This study sought to explore stewardship characteristics within employee-owned companies in the professional, scientific, and technical services industry. For the purpose of this study, stewardship characteristics were defined as the psychological (i.e., intrinsic motivation, organizational identification, use of power) and situational (i.e., collectivism, involvement orientation, and power distance) mechanisms that promote pro-organizational collectivist behaviors within the employee–owners of employee-owned companies organized as Employee Stock Ownership Programs (ESOPs). ESOPs have grown in popularity as a method of transitioning ownership to the firms’ employees since ESOPs were codified by Public Law 93–406 in 1974. There are approximately 7,000 employee-owned firms organized as ESOPs operating in the United States, and these qualified retirement plans cover over 13.5 million participants with total assets exceeding 940 billion dollars. The transition of employees to employee–owners presents a unique governance situation where the employee–owners may simultaneously fulfill the roles of owner, principal, and agent. Stewardship characteristics were measured using a mixed-method approach. The Stewardship Climate Scale quantitatively measured the level of stewardship, and semi-structured interviews helped gain meaning or understanding of stewardship by the ESOP senior leaders.
At an organizational level, the study found a variation in the level of stewardship among the participating ESOPs. However, each ESOP did demonstrate stewardship characteristics, and there was no significant difference in the aggregate of stewardship climate for the ESOPs participating in the study when grouped by revenue per employee. At the individual level, where positional and nonpositional leaders were grouped together, the study found variation between the two groups. However, there was no significant difference in the aggregate of stewardship climate or any of the six constructs of stewardship between the positional and nonpositional leaders. Lastly, the study found a significant relationship between stewardship characteristics and firm productivity. A significant regression equation was calculated for the aggregate of stewardship climate, the psychological mechanisms, and the individual constructs of organizational identification, intrinsic motivation, and involvement orientation. A moderated multiple regression was calculated which identified the relationship between organizational identification and revenue per employee was moderated by the level of involvement orientation.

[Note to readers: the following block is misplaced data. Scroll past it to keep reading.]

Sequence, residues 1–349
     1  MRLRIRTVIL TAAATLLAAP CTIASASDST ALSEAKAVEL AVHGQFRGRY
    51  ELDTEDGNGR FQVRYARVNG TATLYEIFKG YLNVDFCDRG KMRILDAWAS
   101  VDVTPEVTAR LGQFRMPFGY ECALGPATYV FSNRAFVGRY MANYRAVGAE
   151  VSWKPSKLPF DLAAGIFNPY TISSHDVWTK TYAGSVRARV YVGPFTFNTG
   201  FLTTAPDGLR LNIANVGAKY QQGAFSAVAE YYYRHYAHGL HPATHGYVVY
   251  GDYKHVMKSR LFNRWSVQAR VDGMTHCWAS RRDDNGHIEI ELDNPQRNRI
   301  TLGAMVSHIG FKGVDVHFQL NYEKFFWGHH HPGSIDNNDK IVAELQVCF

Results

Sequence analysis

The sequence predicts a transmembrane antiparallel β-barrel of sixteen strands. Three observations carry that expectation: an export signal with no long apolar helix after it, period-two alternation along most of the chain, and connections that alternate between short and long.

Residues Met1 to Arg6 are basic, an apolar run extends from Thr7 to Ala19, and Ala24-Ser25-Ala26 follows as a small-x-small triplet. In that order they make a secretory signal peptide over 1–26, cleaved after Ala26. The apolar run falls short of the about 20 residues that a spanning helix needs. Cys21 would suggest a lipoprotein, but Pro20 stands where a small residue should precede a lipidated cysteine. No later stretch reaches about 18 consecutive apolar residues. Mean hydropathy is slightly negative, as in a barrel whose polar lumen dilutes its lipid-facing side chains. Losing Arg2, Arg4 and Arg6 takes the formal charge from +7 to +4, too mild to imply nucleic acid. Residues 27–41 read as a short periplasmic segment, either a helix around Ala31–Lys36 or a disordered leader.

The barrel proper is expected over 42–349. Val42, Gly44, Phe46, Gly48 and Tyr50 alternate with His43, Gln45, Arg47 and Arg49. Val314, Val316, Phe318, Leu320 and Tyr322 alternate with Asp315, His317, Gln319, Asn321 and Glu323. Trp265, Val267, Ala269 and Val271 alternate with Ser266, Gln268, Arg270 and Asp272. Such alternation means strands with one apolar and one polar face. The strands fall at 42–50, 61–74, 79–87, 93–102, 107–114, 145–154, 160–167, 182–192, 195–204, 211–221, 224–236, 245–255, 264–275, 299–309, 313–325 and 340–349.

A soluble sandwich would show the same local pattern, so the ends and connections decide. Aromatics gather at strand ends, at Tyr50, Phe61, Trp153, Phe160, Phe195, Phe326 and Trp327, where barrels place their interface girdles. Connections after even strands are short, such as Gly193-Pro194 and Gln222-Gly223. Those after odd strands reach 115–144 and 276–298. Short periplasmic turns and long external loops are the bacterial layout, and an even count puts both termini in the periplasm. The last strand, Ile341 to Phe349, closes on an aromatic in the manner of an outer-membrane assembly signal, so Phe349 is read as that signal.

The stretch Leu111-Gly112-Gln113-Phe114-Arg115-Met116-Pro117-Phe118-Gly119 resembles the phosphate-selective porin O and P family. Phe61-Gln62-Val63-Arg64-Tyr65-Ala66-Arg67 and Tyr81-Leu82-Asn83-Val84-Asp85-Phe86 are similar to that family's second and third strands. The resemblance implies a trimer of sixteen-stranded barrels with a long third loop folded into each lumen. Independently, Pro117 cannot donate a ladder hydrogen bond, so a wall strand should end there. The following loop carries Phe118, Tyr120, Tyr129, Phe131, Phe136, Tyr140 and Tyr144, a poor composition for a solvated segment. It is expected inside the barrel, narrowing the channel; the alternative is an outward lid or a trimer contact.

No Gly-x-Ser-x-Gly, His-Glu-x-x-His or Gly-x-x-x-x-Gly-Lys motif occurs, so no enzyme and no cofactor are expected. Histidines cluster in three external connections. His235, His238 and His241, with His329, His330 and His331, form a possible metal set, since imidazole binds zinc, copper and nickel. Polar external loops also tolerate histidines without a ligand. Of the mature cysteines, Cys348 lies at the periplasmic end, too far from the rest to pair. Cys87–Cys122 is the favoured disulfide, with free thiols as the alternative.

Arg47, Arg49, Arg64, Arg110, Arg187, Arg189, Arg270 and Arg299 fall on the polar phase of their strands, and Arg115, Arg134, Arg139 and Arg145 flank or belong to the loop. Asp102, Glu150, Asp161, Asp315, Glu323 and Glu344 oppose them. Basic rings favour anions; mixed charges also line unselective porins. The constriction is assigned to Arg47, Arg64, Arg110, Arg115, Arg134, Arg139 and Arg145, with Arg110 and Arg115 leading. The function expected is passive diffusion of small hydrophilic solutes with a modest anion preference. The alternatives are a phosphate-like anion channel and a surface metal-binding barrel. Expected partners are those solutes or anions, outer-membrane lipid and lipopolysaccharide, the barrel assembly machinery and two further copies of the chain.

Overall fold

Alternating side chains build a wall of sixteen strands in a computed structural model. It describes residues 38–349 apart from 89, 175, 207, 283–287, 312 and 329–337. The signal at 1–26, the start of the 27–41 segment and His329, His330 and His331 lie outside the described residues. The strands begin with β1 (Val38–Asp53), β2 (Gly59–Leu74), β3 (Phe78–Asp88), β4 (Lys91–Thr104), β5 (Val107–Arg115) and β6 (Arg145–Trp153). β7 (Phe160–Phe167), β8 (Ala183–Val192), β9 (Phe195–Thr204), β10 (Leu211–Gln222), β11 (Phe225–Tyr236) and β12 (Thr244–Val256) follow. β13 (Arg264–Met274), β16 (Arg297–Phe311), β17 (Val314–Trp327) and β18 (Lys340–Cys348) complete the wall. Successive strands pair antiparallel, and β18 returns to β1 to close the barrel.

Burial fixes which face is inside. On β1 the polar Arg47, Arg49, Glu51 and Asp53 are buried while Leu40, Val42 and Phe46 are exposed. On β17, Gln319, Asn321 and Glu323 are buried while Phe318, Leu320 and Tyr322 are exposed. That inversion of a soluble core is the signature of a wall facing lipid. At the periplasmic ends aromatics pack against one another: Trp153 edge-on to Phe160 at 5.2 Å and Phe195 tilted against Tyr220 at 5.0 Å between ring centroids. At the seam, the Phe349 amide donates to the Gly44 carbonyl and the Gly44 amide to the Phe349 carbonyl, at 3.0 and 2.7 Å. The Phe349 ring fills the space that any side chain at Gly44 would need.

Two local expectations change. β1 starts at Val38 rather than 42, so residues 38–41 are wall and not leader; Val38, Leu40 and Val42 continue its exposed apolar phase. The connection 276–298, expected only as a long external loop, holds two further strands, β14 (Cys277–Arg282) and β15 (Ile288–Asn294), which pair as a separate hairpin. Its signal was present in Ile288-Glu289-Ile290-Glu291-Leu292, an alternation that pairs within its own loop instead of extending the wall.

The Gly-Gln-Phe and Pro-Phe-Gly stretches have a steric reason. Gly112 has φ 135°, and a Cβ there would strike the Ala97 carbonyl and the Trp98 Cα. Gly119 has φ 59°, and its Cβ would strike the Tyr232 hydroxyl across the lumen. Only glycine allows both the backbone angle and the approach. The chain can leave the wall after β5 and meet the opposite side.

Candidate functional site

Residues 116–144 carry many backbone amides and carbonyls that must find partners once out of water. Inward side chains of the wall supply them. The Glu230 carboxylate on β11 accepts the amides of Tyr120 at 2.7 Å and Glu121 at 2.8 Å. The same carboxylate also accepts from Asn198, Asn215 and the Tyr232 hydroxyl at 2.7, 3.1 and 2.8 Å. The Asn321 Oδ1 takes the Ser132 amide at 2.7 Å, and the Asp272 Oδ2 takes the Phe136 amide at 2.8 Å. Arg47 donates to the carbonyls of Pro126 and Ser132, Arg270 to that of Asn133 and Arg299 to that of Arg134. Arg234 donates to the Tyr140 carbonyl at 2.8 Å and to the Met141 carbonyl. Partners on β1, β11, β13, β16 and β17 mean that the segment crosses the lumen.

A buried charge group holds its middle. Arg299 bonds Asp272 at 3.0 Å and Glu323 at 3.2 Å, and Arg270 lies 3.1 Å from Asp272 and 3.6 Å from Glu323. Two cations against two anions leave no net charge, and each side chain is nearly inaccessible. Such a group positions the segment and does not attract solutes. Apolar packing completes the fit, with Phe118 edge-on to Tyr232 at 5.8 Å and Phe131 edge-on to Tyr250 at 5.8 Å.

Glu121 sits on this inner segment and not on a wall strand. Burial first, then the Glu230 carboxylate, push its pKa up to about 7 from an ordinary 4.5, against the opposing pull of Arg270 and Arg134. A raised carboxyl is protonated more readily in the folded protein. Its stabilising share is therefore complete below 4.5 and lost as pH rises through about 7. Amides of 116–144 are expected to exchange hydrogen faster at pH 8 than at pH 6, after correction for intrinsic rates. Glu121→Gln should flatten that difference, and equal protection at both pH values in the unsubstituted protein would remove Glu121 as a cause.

Based on the quantitative and qualitative data, the ESOPs participating in the study did demonstrate stewardship characteristics with no significant difference within the positional and nonpositional employee–owners. Revenue per employee was significantly influenced by stewardship.
|Commitee:||Beuthin, Timothy, Wilkinson, Gary|
|School:||Indiana Wesleyan University|
|School Location:||United States -- Indiana|
|Source:||DAI-A 78/10(E), Dissertation Abstracts International|
|Keywords:||Employee stock ownership plan, Employee-owned companies, Governance, Leadership, Stewardship|
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